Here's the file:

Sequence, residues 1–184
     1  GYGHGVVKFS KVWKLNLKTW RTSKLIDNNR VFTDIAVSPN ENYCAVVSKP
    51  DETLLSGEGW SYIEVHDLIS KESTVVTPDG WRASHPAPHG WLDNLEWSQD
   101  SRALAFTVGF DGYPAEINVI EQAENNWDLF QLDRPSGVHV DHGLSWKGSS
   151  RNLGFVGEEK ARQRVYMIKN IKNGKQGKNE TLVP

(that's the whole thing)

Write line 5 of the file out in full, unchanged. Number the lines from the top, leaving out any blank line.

   151  RNLGFVGEEK ARQRVYMIKN IKNGKQGKNE TLVP